Forty-seven years ago today, on January 12, 1967. a psychology professor named James Bedford died of kidney cancer. He was 73 years old. Chances are nobody would have heard of Dr. Bedford–unless they happen to be interested in occupational counseling, which he wrote several books about–except for the fact that he was the first person in human history to be cryogenically preserved in the hopes that he can be revived at some time in the future.

If this sounds like the plot of a Star Trek episode, it should. Not only was this sort of thing the basis of a 1988 Star Trek: The Next Generation episode where the Enterprise finds three people frozen in an orbital cryo-pod from the late 20th century, but suspended animation (though not necessarily by cryonics) was the plot of the famous original Star Trek episode “Space Seed,” broadcast only six weeks after Bedford’s death. That episode, of course, became the basis of the 1982 film Star Trek II: The Wrath of Khan, with evil ruler Khan (played by Ricardo Montalban) trying to take over the universe after being unfortunately revived by Captain Kirk. So yes, resurrection-by-cryogenics clearly is a staple of science fiction, but Dr. Bedford’s experience proves there is science behind it.

Bedford was preserved by a team of researchers led by Dr. Robert Prehoda. A group called the Life Extension Society offered, in 1965, to freeze someone free of charge as a pilot project to test whether the concept was viable. Dr. Bedford, who had been diagnosed with terminal cancer, applied and was eventually chosen. The process of freezing him began a few hours after his death on January 12 in a Glendale, California nursing home. His body was soaked in a sort of primitive anti-freeze to protect organs from tissue damage as part of the freezing process, and his brain was injected with a chemical called DMSO, which would later prove controversial. Eventually Dr. Bedford’s remains wound up suspended in a tank of liquid nitrogen, first in Phoenix, Arizona and eventually in a warehouse of cryo-pods in Scottsdale run by the Alcor Life Extension Foundation. Dr. Bedford’s frozen body is still there as of today, and he’s among good company: 117 other “patients” also reside there, in a scene that must literally look like something out of Star Trek.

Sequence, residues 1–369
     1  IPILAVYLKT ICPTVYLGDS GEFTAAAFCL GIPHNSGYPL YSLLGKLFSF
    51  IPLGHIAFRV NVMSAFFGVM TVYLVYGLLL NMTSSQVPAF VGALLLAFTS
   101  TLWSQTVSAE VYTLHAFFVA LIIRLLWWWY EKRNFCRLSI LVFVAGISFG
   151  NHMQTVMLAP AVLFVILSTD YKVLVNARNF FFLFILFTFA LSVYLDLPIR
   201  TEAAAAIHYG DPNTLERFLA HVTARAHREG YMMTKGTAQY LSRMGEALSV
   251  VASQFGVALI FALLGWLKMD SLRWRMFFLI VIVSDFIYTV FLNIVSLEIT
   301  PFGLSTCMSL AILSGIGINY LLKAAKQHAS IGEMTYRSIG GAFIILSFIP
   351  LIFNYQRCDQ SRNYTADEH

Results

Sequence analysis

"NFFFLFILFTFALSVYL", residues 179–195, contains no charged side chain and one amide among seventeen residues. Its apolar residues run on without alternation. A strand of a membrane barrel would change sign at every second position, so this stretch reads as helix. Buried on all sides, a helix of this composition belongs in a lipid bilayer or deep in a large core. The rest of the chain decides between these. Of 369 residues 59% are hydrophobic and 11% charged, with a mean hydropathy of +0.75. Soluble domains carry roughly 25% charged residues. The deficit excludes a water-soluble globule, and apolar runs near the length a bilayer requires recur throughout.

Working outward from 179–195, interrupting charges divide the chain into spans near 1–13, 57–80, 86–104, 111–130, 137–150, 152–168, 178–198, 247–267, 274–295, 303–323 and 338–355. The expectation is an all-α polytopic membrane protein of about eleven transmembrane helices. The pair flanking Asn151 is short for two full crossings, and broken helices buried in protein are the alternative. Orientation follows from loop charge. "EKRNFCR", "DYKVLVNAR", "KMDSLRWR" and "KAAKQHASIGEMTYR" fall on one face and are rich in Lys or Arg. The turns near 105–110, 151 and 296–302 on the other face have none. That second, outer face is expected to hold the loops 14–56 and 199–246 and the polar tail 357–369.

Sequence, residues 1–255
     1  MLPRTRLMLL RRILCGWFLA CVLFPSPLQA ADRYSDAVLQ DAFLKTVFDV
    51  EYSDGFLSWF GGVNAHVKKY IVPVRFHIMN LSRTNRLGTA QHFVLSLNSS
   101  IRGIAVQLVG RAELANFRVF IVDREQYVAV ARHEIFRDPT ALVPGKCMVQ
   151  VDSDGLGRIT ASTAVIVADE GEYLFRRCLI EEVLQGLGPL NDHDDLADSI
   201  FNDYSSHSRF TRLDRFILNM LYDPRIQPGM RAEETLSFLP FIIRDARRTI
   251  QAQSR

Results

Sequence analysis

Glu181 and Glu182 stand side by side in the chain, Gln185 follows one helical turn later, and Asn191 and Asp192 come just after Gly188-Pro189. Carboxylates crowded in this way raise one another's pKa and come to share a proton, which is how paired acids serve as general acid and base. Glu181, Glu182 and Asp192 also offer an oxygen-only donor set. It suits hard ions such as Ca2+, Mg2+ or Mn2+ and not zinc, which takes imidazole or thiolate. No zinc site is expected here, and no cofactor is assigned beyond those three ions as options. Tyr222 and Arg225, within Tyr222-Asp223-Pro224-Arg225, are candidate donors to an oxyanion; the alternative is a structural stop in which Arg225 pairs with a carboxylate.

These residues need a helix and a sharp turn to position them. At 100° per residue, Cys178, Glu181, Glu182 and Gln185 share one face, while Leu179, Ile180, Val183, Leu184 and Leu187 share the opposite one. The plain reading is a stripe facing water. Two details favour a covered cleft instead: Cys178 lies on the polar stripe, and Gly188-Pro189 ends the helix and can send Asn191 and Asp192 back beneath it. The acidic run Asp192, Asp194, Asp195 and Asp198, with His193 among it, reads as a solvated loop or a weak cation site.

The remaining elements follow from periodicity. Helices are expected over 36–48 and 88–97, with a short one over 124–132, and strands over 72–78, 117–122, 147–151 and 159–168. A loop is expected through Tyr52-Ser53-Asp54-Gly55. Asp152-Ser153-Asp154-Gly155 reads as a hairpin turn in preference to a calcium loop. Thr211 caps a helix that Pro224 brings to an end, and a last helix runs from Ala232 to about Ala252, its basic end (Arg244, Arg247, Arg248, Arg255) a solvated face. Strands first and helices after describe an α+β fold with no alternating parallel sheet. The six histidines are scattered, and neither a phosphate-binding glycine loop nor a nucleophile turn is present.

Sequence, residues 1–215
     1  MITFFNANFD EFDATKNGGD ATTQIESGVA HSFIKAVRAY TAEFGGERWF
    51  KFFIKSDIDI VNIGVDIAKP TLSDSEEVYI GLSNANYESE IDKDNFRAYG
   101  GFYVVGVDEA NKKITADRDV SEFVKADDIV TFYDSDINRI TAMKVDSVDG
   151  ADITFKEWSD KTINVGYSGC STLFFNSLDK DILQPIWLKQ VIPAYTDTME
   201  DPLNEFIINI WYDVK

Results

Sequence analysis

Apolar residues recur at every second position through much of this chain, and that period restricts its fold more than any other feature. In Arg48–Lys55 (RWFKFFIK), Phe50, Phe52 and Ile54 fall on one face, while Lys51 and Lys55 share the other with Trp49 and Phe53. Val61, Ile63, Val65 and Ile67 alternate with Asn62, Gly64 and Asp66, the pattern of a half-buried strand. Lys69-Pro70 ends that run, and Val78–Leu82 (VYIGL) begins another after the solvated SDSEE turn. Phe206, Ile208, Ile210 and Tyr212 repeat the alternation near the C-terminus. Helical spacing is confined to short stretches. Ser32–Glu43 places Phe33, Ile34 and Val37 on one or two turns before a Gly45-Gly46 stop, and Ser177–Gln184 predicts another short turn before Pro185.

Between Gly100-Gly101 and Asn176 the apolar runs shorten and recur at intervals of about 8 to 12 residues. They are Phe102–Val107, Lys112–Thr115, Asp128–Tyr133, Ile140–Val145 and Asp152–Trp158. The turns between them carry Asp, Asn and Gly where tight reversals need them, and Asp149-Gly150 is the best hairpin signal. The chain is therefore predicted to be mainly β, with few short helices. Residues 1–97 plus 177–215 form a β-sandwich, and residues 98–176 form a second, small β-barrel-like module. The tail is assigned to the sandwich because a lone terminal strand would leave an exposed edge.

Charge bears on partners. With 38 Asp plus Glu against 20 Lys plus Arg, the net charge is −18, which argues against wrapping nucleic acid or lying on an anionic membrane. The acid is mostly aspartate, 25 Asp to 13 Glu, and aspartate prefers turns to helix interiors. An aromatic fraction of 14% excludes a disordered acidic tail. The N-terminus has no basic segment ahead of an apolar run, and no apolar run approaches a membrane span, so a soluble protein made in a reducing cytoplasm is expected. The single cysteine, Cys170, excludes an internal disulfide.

Could Dr. Bedford be revived at some time in the future, when (presumably) medical science has found a cure for cancer? Although it seems straightforward on Star Trek, it’s a very big question. To date no one has ever been “revived” from cryonic suspension. (And no, Walt Disney was not cryo-preserved, as is commonly believed; he was buried in an ordinary cemetery). In Dr. Bedford’s case, the injection of his brain with DMSO arguably destroyed it. Even if life could be somehow pumped back into his thawed body, the notion that he would have all his memories and brain functions intact is total fantasy. Nevertheless, cryonics foundations continue to freeze “patients” today in the hopes that they can, perhaps hundreds of years in the future, be miraculously resurrected.

Of course, if it were to happen, there would be only one thing to say:

The image of Ricardo Montalban as “Khan” from the movie Star Trek II: The Wrath of Khan is owned by Paramount Pictures Corporation. I believe my use of it here constitutes fair use.